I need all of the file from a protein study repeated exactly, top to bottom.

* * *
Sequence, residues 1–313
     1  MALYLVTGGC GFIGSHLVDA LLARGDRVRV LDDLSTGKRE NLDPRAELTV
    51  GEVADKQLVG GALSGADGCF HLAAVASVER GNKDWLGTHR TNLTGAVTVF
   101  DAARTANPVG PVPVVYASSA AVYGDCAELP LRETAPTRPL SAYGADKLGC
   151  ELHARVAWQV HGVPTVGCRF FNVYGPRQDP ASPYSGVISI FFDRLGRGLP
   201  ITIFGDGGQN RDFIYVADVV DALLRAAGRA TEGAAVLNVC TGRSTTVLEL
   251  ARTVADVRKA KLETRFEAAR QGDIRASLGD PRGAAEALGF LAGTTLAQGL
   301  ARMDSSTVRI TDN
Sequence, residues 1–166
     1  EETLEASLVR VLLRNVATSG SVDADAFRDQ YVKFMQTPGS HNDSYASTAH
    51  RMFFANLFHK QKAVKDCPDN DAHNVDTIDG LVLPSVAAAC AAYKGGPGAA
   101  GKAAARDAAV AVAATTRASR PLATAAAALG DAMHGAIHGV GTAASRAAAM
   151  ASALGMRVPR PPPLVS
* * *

Sequence, residues 1–313
     1  MALYLVTGGC GFIGSHLVDA LLARGDRVRV LDDLSTGKRE NLDPRAELTV
    51  GEVADKQLVG GALSGADGCF HLAAVASVER GNKDWLGTHR TNLTGAVTVF
   101  DAARTANPVG PVPVVYASSA AVYGDCAELP LRETAPTRPL SAYGADKLGC
   151  ELHARVAWQV HGVPTVGCRF FNVYGPRQDP ASPYSGVISI FFDRLGRGLP
   201  ITIFGDGGQN RDFIYVADVV DALLRAAGRA TEGAAVLNVC TGRSTTVLEL
   251  ARTVADVRKA KLETRFEAAR QGDIRASLGD PRGAAEALGF LAGTTLAQGL
   301  ARMDSSTVRI TDN
Sequence, residues 1–166
     1  EETLEASLVR VLLRNVATSG SVDADAFRDQ YVKFMQTPGS HNDSYASTAH
    51  RMFFANLFHK QKAVKDCPDN DAHNVDTIDG LVLPSVAAAC AAYKGGPGAA
   101  GKAAARDAAV AVAATTRASR PLATAAAALG DAMHGAIHGV GTAASRAAAM
   151  ASALGMRVPR PPPLVS